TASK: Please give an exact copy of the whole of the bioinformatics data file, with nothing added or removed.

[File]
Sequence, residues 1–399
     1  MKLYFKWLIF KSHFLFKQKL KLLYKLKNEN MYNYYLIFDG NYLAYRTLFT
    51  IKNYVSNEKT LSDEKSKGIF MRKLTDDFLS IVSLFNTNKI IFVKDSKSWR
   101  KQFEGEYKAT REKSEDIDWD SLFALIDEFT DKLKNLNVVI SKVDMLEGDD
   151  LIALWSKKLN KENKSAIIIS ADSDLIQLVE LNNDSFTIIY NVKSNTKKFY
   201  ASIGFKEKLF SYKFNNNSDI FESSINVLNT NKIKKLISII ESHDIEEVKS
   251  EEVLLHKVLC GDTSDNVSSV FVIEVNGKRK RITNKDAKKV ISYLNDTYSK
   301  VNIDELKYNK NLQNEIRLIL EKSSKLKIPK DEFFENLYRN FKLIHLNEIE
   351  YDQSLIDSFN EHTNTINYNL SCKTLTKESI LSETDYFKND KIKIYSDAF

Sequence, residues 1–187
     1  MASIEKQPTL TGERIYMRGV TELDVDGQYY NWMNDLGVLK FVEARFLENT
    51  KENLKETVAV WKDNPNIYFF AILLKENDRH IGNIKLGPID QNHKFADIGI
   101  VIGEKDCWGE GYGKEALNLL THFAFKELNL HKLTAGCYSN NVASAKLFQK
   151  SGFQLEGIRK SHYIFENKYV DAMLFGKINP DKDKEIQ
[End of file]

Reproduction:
Sequence, residues 1–399
     1  MKLYFKWLIF KSHFLFKQKL KLLYKLKNEN MYNYYLIFDG NYLAYRTLFT
    51  IKNYVSNEKT LSDEKSKGIF MRKLTDDFLS IVSLFNTNKI IFVKDSKSWR
   101  KQFEGEYKAT REKSEDIDWD SLFALIDEFT DKLKNLNVVI SKVDMLEGDD
   151  LIALWSKKLN KENKSAIIIS ADSDLIQLVE LNNDSFTIIY NVKSNTKKFY
   201  ASIGFKEKLF SYKFNNNSDI FESSINVLNT NKIKKLISII ESHDIEEVKS
   251  EEVLLHKVLC GDTSDNVSSV FVIEVNGKRK RITNKDAKKV ISYLNDTYSK
   301  VNIDELKYNK NLQNEIRLIL EKSSKLKIPK DEFFENLYRN FKLIHLNEIE
   351  YDQSLIDSFN EHTNTINYNL SCKTLTKESI LSETDYFKND KIKIYSDAF

Sequence, residues 1–187
     1  MASIEKQPTL TGERIYMRGV TELDVDGQYY NWMNDLGVLK FVEARFLENT
    51  KENLKETVAV WKDNPNIYFF AILLKENDRH IGNIKLGPID QNHKFADIGI
   101  VIGEKDCWGE GYGKEALNLL THFAFKELNL HKLTAGCYSN NVASAKLFQK
   151  SGFQLEGIRK SHYIFENKYV DAMLFGKINP DKDKEIQ